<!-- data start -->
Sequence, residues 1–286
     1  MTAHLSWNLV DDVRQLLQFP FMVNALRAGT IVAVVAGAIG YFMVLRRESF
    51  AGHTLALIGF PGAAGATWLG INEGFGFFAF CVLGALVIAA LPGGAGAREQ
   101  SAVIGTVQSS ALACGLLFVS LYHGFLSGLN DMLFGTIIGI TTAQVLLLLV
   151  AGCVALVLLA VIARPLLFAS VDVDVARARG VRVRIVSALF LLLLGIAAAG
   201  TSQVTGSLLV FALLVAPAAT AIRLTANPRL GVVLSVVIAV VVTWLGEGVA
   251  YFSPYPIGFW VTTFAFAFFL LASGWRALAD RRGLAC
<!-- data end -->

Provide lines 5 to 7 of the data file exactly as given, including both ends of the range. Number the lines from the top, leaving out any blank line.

   151  AGCVALVLLA VIARPLLFAS VDVDVARARG VRVRIVSALF LLLLGIAAAG
   201  TSQVTGSLLV FALLVAPAAT AIRLTANPRL GVVLSVVIAV VVTWLGEGVA
   251  YFSPYPIGFW VTTFAFAFFL LASGWRALAD RRGLAC